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20th Century Fox was so sure that Valley of the Dolls would be a hit that they purchased the rights before it was even published in February 1966. While the novel and the movie received negative criticism for their content, they were a success, becoming one of the bestselling novels of all time and a top grossing film of 1967, earning $23 million. Go behind the scenes of the camp classic below!
1. Lawson was a based on a big Broadway star.
Just as Neely was based on Judy Garland (read more about that here), Helen Lawson was also based on Ethel Merman. Author Jacqueline Susann had befriended the Broadway diva, but after a public argument in a restaurant, the friendship soured. It didn't get any better after the book was published. Still, Lawson could have been much different had she known another celebrity first. Susann said, “Merman was a lady compared to Joan Crawford. If I knew Joan when I was writing Dolls, Helen Lawson would’ve been a monster!” Susann wanted Bette Davis for the part.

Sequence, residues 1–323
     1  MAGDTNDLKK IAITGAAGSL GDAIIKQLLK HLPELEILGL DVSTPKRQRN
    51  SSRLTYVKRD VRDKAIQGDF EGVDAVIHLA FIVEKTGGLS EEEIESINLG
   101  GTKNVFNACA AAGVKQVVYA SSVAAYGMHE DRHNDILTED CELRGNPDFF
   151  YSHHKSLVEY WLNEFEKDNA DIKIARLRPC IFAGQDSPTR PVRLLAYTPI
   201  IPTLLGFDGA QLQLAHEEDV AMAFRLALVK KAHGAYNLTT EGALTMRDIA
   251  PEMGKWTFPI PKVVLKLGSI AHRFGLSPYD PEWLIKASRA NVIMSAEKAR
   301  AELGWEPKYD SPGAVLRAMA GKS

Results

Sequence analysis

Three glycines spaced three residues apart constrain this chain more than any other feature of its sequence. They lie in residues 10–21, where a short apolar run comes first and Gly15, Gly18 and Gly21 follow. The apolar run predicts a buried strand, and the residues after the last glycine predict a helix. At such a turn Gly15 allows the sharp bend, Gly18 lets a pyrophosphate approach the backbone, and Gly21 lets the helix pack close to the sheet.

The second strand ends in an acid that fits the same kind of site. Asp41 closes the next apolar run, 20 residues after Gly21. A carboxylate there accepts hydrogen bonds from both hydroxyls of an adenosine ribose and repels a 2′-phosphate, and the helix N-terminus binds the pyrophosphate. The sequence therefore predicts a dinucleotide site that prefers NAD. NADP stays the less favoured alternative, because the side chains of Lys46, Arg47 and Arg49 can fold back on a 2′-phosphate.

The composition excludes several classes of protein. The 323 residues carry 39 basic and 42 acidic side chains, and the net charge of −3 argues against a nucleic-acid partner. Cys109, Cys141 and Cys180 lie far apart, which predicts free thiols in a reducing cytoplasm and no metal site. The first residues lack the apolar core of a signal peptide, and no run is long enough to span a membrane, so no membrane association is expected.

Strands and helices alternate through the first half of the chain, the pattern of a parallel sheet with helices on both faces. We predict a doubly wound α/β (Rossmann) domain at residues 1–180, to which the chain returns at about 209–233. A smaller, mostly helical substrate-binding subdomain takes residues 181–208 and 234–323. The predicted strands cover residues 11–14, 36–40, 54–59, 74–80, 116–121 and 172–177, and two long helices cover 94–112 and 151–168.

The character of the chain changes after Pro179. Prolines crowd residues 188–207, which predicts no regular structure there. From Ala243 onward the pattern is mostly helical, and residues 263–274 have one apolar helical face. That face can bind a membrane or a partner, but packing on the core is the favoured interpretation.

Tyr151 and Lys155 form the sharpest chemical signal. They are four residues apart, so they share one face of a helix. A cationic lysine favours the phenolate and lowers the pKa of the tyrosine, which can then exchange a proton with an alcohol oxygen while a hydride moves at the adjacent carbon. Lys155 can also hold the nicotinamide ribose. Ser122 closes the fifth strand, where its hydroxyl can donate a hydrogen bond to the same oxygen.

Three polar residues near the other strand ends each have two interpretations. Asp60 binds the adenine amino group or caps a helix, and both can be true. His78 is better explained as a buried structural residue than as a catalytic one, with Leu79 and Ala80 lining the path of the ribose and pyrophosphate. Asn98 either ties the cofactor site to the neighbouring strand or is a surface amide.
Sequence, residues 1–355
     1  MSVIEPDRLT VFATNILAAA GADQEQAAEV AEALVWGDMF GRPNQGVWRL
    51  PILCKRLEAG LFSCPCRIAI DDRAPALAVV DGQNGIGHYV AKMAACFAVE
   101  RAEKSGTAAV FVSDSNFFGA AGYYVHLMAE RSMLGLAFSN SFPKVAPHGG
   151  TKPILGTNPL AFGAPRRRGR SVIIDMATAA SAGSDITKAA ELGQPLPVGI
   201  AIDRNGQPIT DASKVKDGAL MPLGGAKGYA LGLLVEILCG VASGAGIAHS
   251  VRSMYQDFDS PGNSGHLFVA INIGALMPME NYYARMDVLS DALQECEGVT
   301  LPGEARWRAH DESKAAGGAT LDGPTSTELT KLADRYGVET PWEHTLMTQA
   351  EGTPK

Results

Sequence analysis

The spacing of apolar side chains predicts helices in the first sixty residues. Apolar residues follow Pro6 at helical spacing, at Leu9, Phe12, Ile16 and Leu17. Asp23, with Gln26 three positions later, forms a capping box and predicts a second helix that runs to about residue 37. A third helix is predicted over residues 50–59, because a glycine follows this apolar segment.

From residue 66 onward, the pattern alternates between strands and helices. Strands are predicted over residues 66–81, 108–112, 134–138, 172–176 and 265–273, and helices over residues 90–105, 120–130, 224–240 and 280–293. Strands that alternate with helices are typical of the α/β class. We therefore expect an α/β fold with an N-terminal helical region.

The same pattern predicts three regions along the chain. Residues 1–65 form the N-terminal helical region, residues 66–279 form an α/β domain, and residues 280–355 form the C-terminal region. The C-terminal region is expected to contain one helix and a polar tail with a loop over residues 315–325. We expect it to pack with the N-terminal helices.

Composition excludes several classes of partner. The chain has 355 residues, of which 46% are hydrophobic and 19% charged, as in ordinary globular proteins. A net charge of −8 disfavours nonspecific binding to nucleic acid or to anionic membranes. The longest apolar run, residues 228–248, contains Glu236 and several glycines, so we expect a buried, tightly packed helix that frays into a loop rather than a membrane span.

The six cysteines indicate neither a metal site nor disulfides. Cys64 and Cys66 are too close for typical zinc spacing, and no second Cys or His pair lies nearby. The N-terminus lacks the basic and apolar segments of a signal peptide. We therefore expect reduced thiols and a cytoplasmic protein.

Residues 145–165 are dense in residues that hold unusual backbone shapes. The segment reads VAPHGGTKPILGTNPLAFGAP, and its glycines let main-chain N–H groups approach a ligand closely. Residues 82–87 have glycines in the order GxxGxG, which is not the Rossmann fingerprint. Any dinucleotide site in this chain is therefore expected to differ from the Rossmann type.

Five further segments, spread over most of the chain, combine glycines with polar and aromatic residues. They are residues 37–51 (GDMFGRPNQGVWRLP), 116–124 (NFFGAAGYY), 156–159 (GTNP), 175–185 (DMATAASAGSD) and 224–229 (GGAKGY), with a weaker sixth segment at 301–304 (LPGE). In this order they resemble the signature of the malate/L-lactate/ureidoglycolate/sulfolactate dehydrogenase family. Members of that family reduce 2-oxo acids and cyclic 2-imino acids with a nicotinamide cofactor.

2. Anne Welles was based on the author.
Susann based Anne Welles on herself, and she wanted Mia Farrow for the part. Candice Bergen was cast but dropped out. Others considered for the three lead roles were Jill Ireland, Raquel Welch, and Ann-Margret. Welch later said, “I don’t think now it was particularly smart to turn that down.”
3. Duke wanted the role bad.
Duke, who was tired of playing young roles, wanted the chance to play older. She said, “I begged for this part. I identify with Neely. I identify with her loneliness. That’s why she’s so self-destructive. She doesn’t know how to reach people. The other people who tested played her like a hard-nosed [character]."
4. Parkins tested for another role.
“I heard that there were these great three roles that were being sought after, and I thought I have to go there,” Barbara said. “I would sneak onto the stage and watch these actresses being tested and I wasn’t being tested, so I thought I’m going up to Dick Zanuck’s office’s to make a demand that I be tested. And I did.” She read for the part of Neely, and she was let down that she didn’t get the “juicy” role. However, she later thought playing the nice girl would be a change of pace, after playing the bad girl in TV’s Peyton Place.
5. The costumes cost a lot.
William Travilla, known for designing costumes for Marilyn Monroe, designed the Dolls’ 140 costumes, which cost over 150 thousand dollars. Duke’s gown cost $150 per yard because it was made of gold bullion. Hayward’s beaded outfit took two weeks to make.